Europe's leaders nominated Jean-Claude Juncker to the top job in the European Union on Friday, despite staunch opposition by U.K. Prime Minister David Cameron.
A British official said the vote was 26-2 in favor of the former prime minister of Luxembourg. Just Cameron and Hungarian Prime Minister Viktor Orban opposed his appointment as the new president of the European Commission. He must now appear before European Parliament and a confirmation vote is scheduled for July 16.
The result - although not a surprise - has led some to criticize Cameron's public battle to block Juncker's rise to the top job.
While Cameron had a number of supporters in his opposition to Juncker, a career Eurocrat whose appointment Cameron argued would be "the wrong approach for Europe," he appeared to have alienated them by going publicly out on a limb over the issue, rather than pursue consensus.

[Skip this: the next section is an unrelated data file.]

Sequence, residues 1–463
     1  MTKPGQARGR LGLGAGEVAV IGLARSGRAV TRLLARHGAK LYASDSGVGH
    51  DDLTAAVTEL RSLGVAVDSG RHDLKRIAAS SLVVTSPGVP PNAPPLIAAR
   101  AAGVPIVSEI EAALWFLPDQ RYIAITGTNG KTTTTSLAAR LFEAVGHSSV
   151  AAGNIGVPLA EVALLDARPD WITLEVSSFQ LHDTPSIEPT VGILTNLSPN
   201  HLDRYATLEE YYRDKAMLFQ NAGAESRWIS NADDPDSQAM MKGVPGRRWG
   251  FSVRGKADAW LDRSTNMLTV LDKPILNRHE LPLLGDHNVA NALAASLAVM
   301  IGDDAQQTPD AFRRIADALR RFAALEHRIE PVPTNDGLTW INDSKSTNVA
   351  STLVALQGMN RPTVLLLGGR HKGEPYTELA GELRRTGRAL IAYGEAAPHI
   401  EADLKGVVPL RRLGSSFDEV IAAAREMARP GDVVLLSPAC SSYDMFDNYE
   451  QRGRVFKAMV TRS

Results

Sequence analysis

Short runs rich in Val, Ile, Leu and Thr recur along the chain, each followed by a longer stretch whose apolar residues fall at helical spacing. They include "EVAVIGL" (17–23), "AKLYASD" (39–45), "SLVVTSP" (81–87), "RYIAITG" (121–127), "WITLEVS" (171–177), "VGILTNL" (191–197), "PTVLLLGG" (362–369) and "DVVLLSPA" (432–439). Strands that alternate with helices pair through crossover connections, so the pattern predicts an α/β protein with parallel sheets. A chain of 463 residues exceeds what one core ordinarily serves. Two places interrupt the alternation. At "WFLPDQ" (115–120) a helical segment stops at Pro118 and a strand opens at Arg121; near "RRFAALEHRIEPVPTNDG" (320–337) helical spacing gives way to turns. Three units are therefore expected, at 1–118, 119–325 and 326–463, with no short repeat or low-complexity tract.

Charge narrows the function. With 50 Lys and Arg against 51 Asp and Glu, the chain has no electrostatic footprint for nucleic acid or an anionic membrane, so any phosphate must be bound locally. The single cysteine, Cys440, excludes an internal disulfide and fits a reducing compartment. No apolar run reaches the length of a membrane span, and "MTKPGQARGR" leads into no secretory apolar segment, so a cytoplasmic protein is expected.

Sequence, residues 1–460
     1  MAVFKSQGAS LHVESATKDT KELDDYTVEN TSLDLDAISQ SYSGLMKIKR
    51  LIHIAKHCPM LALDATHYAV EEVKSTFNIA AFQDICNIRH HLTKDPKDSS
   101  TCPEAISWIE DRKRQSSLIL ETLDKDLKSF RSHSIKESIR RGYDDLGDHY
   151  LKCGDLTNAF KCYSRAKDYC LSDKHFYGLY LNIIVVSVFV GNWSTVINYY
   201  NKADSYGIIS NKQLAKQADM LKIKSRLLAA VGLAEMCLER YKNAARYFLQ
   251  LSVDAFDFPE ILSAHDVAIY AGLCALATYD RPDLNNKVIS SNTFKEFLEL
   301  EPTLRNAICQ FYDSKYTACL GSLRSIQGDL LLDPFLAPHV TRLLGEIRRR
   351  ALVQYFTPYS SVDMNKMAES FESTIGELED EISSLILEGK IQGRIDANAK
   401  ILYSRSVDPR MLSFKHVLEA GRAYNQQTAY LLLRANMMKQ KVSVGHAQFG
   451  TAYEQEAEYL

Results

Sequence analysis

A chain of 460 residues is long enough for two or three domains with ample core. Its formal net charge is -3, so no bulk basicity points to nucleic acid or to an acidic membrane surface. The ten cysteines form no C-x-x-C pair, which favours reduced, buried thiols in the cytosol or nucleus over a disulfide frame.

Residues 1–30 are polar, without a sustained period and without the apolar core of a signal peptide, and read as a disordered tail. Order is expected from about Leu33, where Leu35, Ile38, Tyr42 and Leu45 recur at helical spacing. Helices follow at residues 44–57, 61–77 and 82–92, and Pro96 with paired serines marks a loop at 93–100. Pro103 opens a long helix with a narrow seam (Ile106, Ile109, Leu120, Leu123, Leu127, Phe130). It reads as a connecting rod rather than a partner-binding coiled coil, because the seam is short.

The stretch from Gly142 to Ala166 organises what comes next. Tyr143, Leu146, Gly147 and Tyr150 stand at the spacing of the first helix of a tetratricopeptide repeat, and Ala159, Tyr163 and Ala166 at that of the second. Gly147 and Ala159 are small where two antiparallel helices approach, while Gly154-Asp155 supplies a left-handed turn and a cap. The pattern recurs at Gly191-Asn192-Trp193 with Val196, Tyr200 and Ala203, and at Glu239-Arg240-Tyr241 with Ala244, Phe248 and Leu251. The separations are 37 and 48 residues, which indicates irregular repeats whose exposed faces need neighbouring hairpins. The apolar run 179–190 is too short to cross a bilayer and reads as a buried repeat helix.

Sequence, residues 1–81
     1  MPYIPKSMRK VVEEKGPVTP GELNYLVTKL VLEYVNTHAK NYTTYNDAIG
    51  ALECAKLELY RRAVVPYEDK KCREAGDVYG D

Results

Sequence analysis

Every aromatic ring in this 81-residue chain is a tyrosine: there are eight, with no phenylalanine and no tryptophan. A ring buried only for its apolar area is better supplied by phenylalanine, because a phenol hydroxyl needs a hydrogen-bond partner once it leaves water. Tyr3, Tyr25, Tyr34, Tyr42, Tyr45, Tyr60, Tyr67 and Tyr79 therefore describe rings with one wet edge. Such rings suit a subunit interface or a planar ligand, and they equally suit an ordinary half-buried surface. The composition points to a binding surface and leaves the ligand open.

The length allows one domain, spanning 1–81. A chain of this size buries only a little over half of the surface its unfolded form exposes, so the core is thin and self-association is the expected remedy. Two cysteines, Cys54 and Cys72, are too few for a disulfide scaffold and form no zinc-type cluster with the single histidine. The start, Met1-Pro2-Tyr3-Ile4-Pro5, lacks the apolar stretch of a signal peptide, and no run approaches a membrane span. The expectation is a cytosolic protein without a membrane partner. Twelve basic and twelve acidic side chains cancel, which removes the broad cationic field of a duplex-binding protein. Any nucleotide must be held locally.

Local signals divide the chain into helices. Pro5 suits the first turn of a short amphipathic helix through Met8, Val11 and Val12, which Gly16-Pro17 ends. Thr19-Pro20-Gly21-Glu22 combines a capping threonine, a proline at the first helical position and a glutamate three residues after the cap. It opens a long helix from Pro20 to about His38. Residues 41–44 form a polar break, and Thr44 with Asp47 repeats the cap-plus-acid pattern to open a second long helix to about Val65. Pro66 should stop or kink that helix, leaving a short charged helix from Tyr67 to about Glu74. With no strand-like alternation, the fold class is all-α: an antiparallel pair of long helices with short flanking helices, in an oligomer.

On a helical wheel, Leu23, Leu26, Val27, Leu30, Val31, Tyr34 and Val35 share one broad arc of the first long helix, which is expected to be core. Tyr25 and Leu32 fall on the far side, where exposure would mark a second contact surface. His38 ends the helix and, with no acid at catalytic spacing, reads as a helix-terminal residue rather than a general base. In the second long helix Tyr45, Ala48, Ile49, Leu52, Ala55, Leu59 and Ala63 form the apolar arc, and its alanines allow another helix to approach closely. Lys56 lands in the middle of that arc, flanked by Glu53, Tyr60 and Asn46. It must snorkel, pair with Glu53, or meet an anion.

Speaking at a press conference following the vote in Brussels, Cameron said it was a "bad day for Europe". He added that the Juncker decision had made him "even more determined" to reform the EU, as his appointment would risk undermining the position of national parliaments in the Europe.
'Wake up and smell the coffee'
The approach may have garnered praise among the sizable number of euroskeptics in the U.K., but it rankled a large part of the 28-strong EU.